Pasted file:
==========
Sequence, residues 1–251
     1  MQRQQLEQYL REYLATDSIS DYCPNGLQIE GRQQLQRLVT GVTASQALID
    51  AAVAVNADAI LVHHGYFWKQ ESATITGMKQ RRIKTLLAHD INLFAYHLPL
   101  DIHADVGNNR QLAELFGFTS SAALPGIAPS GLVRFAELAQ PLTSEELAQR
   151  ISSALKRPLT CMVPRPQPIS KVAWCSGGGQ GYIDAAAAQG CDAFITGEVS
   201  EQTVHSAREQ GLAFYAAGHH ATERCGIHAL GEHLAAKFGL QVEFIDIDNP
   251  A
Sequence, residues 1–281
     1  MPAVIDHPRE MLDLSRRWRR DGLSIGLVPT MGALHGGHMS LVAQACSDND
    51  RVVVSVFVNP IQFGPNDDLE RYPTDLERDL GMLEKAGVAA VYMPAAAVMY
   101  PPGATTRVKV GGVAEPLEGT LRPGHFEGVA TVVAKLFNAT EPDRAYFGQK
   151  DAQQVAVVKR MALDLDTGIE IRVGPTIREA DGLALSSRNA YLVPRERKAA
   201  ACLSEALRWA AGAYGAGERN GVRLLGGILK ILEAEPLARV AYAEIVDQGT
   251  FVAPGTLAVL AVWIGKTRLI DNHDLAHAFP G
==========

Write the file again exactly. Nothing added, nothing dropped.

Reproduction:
Sequence, residues 1–251
     1  MQRQQLEQYL REYLATDSIS DYCPNGLQIE GRQQLQRLVT GVTASQALID
    51  AAVAVNADAI LVHHGYFWKQ ESATITGMKQ RRIKTLLAHD INLFAYHLPL
   101  DIHADVGNNR QLAELFGFTS SAALPGIAPS GLVRFAELAQ PLTSEELAQR
   151  ISSALKRPLT CMVPRPQPIS KVAWCSGGGQ GYIDAAAAQG CDAFITGEVS
   201  EQTVHSAREQ GLAFYAAGHH ATERCGIHAL GEHLAAKFGL QVEFIDIDNP
   251  A
Sequence, residues 1–281
     1  MPAVIDHPRE MLDLSRRWRR DGLSIGLVPT MGALHGGHMS LVAQACSDND
    51  RVVVSVFVNP IQFGPNDDLE RYPTDLERDL GMLEKAGVAA VYMPAAAVMY
   101  PPGATTRVKV GGVAEPLEGT LRPGHFEGVA TVVAKLFNAT EPDRAYFGQK
   151  DAQQVAVVKR MALDLDTGIE IRVGPTIREA DGLALSSRNA YLVPRERKAA
   201  ACLSEALRWA AGAYGAGERN GVRLLGGILK ILEAEPLARV AYAEIVDQGT
   251  FVAPGTLAVL AVWIGKTRLI DNHDLAHAFP G